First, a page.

Mineral Water – NOT!
Written by James Loewenstein for the Daily Review
Posted by Ana Grarian for LT readers.
TOWANDA – Crystal Stroud of Granville Summit said that several days after the recent drilling of a gas well near her home, barium was found in her well water, and that a little over a week later, she came down with barium poisoning.
In a prepared statement that she read at the Bradford County commissioners’ meeting on Thursday, Stroud said that April 11 was the day her family’s world “spun out of control.”
On April 11, her family was notified by Benchmark Analytics Inc. of Sayre that their water well was contaminated with barium, strontium, manganese, lead, methane, radiological material and radon, Stroud said in her statement.
Stroud said that the contamination was caused by the recent drilling of Chief Oil & Gas’ Andrus gas well 1,200 feet from her home, or by another gas well in that section of the county.
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However, Chief Oil & Gas has since disputed Stroud’s claims that the Andrus well could have been the cause of her illness, saying that the Andrus well has not yet been “fracked,” and that none of the chemical compounds and metals that Stroud refers to were used in drilling the Andrus well.
Barium is a waste product from hydraulic fracturing.
The DEP says it is investigating the contamination of the Strouds’ well water. However, DEP spokesman Dan Spadoni declined to say at this time whether gas drilling caused the contamination of the Strouds’ water, since the matter is still under investigation.
However, in a copy of an April 27 e-mail from the DEP to the Strouds, which Crystal Stroud provided to The Review, the DEP tells the Strouds: “You should consider venting your water well. (Attached) is a fact sheet on methane in wells.”
Stroud, who is a 29-year-old hair stylist at the Downtown Hair Co. in Towanda, told the commissioners that three weeks prior to April 11, she became ill. Her hair began falling out, she had heart palpitations, shortness of breath and stomach cramps, she said.
She went to the office of her family physician, Dr. Richard Husband, who found that her heart rate and blood pressure were elevated, and Husband’s office suggested that she take a medication for anxiety, because they could not find anything else wrong with her.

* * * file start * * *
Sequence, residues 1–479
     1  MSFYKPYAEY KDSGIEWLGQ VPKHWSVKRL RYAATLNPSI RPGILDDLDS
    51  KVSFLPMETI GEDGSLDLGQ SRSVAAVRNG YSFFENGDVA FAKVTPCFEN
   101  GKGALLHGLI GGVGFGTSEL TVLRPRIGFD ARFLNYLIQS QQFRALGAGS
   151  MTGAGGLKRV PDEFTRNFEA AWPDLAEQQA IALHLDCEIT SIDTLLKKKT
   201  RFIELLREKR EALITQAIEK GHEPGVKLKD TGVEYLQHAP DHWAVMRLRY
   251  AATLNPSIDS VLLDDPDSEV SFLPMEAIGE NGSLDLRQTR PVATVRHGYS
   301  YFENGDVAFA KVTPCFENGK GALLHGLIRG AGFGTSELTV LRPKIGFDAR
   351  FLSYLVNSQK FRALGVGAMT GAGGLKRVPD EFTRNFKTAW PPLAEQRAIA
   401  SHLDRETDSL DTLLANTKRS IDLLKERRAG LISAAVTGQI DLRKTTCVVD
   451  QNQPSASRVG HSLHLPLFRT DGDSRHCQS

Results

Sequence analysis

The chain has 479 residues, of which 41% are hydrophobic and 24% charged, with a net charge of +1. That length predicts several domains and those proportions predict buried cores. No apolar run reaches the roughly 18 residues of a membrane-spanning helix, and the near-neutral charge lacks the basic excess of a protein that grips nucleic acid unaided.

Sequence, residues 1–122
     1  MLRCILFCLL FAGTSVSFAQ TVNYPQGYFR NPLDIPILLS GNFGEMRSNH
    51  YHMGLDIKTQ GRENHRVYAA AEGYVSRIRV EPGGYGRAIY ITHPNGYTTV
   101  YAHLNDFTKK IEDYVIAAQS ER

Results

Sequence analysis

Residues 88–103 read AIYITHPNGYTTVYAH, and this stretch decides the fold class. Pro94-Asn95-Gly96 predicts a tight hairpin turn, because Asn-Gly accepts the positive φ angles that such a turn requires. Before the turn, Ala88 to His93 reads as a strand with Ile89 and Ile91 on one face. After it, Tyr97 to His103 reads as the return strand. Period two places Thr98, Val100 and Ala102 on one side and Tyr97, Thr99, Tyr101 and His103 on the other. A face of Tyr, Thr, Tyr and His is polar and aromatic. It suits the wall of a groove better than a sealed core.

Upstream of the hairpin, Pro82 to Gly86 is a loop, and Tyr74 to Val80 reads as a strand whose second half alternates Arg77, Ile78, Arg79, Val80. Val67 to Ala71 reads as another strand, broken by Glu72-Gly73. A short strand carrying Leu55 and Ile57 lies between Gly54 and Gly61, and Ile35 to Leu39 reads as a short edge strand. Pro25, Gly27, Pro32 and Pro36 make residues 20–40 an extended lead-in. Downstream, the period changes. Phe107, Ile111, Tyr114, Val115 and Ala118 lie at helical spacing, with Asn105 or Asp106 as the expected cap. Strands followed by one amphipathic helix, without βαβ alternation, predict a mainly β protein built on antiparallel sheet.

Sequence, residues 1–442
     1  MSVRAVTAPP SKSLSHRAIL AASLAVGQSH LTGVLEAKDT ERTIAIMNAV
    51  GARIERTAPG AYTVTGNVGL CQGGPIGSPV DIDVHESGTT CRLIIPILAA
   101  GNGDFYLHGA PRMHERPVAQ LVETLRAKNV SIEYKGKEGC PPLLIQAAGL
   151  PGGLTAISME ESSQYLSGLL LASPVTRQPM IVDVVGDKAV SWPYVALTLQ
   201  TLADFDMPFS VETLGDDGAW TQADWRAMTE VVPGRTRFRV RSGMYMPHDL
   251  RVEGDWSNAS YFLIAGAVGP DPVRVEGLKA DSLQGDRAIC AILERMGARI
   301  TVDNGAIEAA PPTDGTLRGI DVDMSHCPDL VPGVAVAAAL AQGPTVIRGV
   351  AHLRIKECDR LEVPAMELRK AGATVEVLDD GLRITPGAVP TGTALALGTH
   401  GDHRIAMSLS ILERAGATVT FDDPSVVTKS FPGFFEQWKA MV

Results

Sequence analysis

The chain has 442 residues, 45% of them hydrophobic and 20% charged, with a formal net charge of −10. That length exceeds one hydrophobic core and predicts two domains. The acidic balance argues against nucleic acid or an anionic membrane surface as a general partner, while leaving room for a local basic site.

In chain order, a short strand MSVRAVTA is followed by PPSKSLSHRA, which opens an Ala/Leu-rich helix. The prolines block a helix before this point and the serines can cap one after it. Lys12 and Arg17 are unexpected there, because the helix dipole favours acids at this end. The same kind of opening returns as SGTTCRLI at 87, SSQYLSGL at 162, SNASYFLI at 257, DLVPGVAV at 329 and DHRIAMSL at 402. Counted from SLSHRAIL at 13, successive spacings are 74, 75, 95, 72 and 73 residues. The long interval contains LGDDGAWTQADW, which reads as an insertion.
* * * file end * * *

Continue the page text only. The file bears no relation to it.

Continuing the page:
“Three days later my hands began to tremble. I would lose my balance as I stood from a sitting position,” she said. “My speech started to slur.”
She said that on April 11, a Benchmark Analytics employee told her that the company had a “major concern” about the contaminants in her water.
She said that when she told the Benchmark Analytics employee on April 11 about her symptoms, the employee told her that the contamination of her well water could be the cause of her health problems.
Benchmark Analytics told Stroud that barium is known to cause the symptoms that she was experiencing, according to Stroud.
She then called her physician, who arranged for her to get a blood test for barium at Memorial Hospital in Towanda.
“After more blood tests and research, they found that I had extremely high levels of barium in my body at a range of 110 micrograms per liter, the normal range being 0 to less than 10 micrograms per liter,” Stroud said.
The Review could not confirm on Sunday the results of the test that Memorial Hospital performed on Stroud for the presence of barium, nor could the newspaper confirm what the normal range is for the presence of barium in a person’s system.
“When barium accumulates in the body, it affects the functions of the nervous system,” Stroud told the commissioners. “Barium poisoning displays symptoms that are similar to flu or anxiety, which is why it is not strange to find the condition misdiagnosed.
“Common symptoms of barium poisoning include:
1. Muscle weakness and tremors.
2. Difficulty in breathing
3. Stomach irritations
5. Cardiac irregularities such as abnormally high blood pressure and rapid heartbeat from profoundly low potassium levels and eventually
6. Paralysis,” Stroud said.
The Review could not confirm Sunday night what the symptoms of barium poisoning are.
Stroud did not specify at the commissioners’ meeting the amount of contaminants that Benchmark Analytics found in her well water.